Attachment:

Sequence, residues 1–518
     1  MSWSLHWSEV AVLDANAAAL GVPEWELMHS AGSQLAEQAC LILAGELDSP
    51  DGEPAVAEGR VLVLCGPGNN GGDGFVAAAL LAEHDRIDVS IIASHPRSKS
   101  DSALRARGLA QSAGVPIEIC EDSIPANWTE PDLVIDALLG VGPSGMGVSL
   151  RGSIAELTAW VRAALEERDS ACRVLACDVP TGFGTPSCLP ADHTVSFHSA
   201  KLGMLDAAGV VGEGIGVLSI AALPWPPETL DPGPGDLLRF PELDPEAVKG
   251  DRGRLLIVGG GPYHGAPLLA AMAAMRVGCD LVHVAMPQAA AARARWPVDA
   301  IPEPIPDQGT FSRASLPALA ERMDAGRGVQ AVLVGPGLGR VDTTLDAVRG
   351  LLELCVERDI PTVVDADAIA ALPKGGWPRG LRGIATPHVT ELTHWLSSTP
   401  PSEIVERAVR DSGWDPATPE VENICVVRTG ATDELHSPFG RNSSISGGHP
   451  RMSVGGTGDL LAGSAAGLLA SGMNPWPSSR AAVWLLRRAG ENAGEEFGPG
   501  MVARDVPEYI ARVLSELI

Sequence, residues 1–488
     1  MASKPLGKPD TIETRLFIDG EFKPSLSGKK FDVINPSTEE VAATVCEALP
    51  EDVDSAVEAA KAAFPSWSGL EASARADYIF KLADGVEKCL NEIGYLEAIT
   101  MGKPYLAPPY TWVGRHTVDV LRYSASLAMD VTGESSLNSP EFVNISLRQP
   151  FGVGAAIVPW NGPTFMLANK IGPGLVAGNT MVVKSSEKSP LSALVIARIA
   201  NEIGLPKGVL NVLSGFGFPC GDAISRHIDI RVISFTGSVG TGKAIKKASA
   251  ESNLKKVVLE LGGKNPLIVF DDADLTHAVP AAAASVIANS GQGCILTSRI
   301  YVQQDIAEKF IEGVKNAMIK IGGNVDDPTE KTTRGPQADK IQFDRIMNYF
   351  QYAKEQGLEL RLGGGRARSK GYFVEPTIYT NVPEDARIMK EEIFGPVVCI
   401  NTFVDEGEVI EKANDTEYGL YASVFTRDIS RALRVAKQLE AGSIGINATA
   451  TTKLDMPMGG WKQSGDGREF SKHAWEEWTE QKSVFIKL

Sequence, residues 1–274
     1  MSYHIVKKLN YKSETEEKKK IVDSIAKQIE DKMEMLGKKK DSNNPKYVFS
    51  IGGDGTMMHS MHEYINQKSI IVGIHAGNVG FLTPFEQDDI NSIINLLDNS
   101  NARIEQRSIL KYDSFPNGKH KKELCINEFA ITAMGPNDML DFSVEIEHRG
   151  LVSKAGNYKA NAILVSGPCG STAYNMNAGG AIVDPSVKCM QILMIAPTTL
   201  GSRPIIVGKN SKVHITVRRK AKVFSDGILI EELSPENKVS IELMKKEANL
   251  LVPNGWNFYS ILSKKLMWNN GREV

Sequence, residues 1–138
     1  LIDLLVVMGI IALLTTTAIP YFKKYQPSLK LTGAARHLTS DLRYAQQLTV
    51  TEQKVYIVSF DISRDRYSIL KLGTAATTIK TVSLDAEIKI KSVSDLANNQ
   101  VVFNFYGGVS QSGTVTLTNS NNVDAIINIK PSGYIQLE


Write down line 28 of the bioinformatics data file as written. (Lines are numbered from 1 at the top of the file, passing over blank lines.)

   151  LVSKAGNYKA NAILVSGPCG STAYNMNAGG AIVDPSVKCM QILMIAPTTL